Macbeth justification paper
There are many factors that contributed to Macbeth’s pursuit to become king. Macbeth was indeed a very ambitious person. But ambition is not what drove him to commit treason and murder many people to become the king. One important factor that contributed to Macbeth’s pursuit to become king was the three witches who planted the idea in his head. Another significant influence was Lady Macbeth who provoked him and questioned his man hood. Macbeth did carry out horrible and unforgivable acts, but there were more influence to this than just his own thoughts.
The three witches played a very important role in Macbeth’s pursuit to become king; they ...view middle of the document...
“He brings great news. The raven himself is hoarse that croaks the fatal entrance of Duncan under my battlements. Come, you spirits that tend on mortal thoughts, unsex me here, And fill me, from the crown to the toe, top-full of direst cruelty! Make thick my blood, stop up the access and passage to remorse, that no compunctious visiting’s of nature shake fell purpose, nor keep peace between the effect and it!” (Act I, Scene V) At one point during the play she even questions Macbeth’s man hood constantly this makes Macbeth feel less of a man if he doesn’t follow thru with the acts. “What beast was‘t then that made you break this enterprise to me? When you durst do it, then you were a man; and, to be more than what you were, you would be so much more the man. Nor time nor place did then adhere, and yet you would make both: they have made themselves, and that their fitness now does unmake you.” (Act I, Scene VII) lady Macbeth is the mastermind behind the whole plan towards killing Duncan, Macbeth put no thought into it he just acted hesitantly as instructed. “We Fail! But screw your courage to the sticking-place, and we’ll not fail. When Duncan is asleep whereto the rather shall his day’s hard journey soundly I nvite him his two chamberlains will I with wine and wassail so convince, that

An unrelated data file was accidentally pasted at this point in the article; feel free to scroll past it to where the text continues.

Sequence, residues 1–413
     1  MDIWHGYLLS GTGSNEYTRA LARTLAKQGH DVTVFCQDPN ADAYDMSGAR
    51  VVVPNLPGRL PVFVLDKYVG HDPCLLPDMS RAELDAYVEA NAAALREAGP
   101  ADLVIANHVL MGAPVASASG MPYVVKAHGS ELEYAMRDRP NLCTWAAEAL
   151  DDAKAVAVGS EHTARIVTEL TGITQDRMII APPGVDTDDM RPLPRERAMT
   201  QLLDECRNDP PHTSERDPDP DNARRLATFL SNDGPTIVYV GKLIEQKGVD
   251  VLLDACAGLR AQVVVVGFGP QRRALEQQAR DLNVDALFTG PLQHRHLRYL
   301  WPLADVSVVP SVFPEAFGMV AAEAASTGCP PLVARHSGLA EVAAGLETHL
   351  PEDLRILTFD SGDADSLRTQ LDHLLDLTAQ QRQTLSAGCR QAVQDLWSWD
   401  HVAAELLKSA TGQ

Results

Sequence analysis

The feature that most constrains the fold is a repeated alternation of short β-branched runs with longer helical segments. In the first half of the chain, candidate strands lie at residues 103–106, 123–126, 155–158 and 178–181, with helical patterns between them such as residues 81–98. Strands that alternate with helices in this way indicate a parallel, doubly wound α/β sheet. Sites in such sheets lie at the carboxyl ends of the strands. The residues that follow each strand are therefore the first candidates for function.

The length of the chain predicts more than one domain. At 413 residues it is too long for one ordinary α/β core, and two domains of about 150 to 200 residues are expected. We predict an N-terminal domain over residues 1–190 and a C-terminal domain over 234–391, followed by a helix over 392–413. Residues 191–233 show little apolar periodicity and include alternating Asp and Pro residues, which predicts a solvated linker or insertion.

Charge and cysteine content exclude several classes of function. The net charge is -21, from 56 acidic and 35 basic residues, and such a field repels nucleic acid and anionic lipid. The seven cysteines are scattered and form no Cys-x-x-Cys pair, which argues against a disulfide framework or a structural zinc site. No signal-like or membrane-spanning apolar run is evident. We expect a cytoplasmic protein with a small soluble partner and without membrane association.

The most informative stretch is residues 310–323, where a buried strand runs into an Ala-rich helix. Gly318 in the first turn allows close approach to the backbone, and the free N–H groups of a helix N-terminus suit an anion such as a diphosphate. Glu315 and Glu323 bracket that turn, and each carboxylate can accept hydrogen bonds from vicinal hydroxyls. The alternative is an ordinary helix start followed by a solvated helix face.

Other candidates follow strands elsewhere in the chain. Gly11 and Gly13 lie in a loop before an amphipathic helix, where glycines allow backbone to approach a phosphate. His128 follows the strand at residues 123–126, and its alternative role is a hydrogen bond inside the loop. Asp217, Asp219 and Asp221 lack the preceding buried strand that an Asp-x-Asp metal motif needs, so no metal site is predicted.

memory, the warder of the brain, shall be a fume, and the receipt of reason a ...